PORTSMOUTH, New Hampshire (NEWS CENTER Maine) — Andrea Amico moved to Portsmouth, New Hampshire after her husband was offered a job at the Pease Trade Port.
The former Air Force base is home two 250 companies and about 10-thousand employees.
After their daughter was born -- finding daycare close to her husband's work was a relief. When their son arrived two years later -- they enrolled him in the same daycare center at 12 weeks old.
'Of all the worries the parents of small children can have -- trust me there are many -- we never once questioned the water at Pease as our children drank the water daily at day care,' said Andrea.
Andrea's husband works at the former base also drank the water along with her two young children -- her entire family.
'My initial reaction was panic, I knew nothing about these chemicals and never even heard about PFC's.'.
Perfluorochemicals -- known as PFCs -- are a class of chemicals. The compounds have been used for decades in a variety of consumer products. At Pease, these chemicals were in foam Air Force firefighters used during training exercise and seeped into the groundwater.
The haven well, located near the runway where the toxic foam was discharged -- supplied most of the base's drinking water -- including both daycare centers.
Water tests of that well revealed levels of one of the compounds was 12 and half times higher than what the EPA considered safe for adults.
The well was shut down in 2014 but 366 children drank the toxic water.
Alayna Davis drank the water while pregnant. Her son drank the water until he was 5 and a half. Michelle Dalton's son drank the water as a toddler.
When state health officials set a limit of 100 people for blood testing, the moms created 'Testing for Pease' demanding testing for anyone who drank the water.
Eventually more than 15-hundred adults and children were tested.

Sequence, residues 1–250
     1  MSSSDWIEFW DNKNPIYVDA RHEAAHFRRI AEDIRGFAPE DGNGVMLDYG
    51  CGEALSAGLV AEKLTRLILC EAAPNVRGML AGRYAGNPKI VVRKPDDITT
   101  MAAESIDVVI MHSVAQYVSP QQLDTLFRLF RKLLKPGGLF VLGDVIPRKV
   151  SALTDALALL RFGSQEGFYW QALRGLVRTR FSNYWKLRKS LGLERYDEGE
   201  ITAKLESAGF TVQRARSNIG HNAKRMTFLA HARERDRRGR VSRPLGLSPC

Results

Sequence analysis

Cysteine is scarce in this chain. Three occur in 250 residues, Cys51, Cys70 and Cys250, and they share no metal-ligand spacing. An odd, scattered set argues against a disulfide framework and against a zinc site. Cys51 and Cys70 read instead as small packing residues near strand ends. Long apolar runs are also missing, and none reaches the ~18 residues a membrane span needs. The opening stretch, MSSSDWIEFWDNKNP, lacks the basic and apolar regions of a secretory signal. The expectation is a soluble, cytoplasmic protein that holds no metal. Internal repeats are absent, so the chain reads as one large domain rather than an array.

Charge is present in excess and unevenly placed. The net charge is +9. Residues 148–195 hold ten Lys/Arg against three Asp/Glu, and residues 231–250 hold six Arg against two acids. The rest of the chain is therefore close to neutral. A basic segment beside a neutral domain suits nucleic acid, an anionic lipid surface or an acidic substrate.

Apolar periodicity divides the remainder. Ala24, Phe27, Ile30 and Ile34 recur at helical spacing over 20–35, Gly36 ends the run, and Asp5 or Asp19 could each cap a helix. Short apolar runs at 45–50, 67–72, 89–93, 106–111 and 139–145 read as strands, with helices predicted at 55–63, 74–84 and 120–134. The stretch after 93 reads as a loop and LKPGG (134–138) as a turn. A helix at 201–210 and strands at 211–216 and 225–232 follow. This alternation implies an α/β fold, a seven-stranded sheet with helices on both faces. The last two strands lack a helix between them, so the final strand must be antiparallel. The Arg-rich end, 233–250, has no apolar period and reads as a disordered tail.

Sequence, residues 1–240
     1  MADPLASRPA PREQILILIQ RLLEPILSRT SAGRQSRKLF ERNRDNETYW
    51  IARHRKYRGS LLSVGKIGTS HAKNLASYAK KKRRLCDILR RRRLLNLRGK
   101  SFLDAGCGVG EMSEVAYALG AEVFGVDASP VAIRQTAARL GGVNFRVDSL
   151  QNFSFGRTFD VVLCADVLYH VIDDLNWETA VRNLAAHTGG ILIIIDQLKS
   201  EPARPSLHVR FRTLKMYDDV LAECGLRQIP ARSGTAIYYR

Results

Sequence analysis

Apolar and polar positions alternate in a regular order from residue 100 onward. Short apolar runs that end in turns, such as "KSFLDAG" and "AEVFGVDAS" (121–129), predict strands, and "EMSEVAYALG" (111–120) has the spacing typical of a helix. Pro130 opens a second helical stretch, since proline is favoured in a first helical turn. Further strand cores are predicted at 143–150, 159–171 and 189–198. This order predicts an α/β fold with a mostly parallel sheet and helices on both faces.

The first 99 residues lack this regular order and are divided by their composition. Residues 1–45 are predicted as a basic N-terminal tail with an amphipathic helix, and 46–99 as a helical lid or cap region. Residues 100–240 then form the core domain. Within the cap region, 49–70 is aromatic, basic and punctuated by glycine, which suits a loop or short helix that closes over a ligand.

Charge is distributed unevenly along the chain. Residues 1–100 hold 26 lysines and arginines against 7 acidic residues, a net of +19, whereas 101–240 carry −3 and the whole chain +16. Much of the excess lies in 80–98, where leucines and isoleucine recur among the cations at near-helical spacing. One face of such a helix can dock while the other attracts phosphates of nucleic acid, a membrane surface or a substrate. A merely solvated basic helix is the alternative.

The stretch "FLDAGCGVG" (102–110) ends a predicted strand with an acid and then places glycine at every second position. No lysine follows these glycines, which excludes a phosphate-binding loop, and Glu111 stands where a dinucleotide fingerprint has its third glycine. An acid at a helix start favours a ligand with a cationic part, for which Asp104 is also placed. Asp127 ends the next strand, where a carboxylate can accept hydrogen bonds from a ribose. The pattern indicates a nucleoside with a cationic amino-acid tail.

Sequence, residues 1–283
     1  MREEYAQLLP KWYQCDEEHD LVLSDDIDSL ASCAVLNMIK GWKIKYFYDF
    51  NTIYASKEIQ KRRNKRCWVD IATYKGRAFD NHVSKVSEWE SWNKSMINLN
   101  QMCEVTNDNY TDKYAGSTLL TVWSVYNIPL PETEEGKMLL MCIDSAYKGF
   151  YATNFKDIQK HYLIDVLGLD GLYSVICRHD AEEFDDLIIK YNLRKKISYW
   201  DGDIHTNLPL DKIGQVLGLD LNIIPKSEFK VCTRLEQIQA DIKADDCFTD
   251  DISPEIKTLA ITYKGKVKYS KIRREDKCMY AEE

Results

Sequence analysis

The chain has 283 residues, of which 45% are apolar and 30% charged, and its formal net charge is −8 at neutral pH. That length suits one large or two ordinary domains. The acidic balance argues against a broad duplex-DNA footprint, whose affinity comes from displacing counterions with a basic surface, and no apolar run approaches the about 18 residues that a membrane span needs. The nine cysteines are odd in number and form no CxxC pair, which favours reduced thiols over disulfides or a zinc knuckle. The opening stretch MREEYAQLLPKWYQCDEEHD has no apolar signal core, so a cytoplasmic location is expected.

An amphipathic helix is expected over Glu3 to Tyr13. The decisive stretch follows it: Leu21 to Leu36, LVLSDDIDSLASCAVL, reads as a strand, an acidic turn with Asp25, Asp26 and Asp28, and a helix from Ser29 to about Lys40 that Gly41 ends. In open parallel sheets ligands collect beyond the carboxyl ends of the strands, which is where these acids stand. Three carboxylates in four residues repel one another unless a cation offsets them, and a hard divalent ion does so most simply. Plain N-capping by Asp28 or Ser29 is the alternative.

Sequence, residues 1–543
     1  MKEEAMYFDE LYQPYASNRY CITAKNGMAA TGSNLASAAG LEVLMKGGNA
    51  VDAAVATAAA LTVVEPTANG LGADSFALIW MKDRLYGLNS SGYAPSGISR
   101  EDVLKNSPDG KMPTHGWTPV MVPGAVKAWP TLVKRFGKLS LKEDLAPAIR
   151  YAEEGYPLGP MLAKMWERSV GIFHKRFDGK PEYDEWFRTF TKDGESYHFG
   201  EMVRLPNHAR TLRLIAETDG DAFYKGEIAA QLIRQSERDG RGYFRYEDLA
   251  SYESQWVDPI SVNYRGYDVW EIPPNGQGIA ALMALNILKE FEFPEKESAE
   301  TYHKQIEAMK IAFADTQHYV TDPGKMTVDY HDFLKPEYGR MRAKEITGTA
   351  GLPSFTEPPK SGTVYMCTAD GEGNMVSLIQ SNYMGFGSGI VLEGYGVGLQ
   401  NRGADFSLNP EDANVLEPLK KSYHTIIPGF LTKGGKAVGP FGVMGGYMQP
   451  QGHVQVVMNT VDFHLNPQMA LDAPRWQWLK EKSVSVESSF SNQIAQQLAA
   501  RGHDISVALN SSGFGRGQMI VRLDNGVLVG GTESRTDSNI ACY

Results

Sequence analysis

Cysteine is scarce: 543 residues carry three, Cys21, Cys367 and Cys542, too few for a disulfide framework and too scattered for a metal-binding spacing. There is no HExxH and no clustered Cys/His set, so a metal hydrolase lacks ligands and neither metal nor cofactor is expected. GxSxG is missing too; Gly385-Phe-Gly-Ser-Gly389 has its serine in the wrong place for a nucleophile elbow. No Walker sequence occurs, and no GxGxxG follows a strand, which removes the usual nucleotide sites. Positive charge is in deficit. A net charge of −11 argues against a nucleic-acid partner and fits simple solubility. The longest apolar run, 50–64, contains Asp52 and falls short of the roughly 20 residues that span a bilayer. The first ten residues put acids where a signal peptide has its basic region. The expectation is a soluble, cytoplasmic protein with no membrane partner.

Two PFC compounds were found to be significantly higher in the blood of the Pease group -- compared to the general U.S. population.
Researchers say these compounds remain in the body for years. Federal health officials say exposure to PFC's has been linked to developmental delays, decreased fertility, kidney problems prostate and testicular cancer.
Federal health officials and the Air Force -- responsible for cleaning up former bases -- meet several times of year with the Pease community.
Recently all three moms confronted an Air Force Lt. Colonel about documents which showed that the DOD was aware of health hazards as far back as 1995, yet it took nearly 20 years before the military stopped using the toxic foam.
'Did you know prior to five years ago this was potentially dangerous and was going to pollute millions of people across the country?..No.'
Department of Defense records show that health concerns about the foam reached DOD leadership.
But when did Air Force officials know?
'20 years ago the Air Force didn't have information or data telling us we had to take action, ' said Air Force Lt. Col. Joseph Constantino.
The Pease Moms have spent two years fighting for a national study into the PFC exposure.
Congress has already approved seven million dollars for the project. The director of the Agency for Toxic Substances and Disease Registry now says Pease may not be included because researchers may conduct studies near other bases first.
The moms say so far their children aren't showing any signs of serious health problems. But Alayna says her son is often sick with high fevers that doctors can't explain.
The moms meanwhile won't relent until they get answers about what they fear is ticking time bomb inside their kids.
'I live with the fear that my children will get sick, develop cancer and may not be able to have children of their own.' said Andrea.
Just across the border in Maine, the Navy is expanding its search for potential contamination for PFC's. Samples have been collected from wells on the former Brunswick Naval Air Station. The base closed in 2011 -- but is no operating as the Brunswick Landing business park.
The Navy, along with state environmental officials, tested dozens of wells on the base. All were below the EPA health advisory. Levels in several surface water sites came back higher than the federal warning but those are not a threat to drinking water.
Dan Moore's home is located just west of the former Naval air station. His well, along with more than 2 dozen others, were tested for PFC contamination. Some PFC's were detected in some, but none were above warning levels.
Moore, who has two young children is relieved but he hopes the Navy continues to monitor his well.
To learn more information about PFC's and exposure go to https://www.atsdr.cdc.gov/pfas/index
Testing for Pease on Facebook for information on monitoring, testing and a potential study by the ATSDR.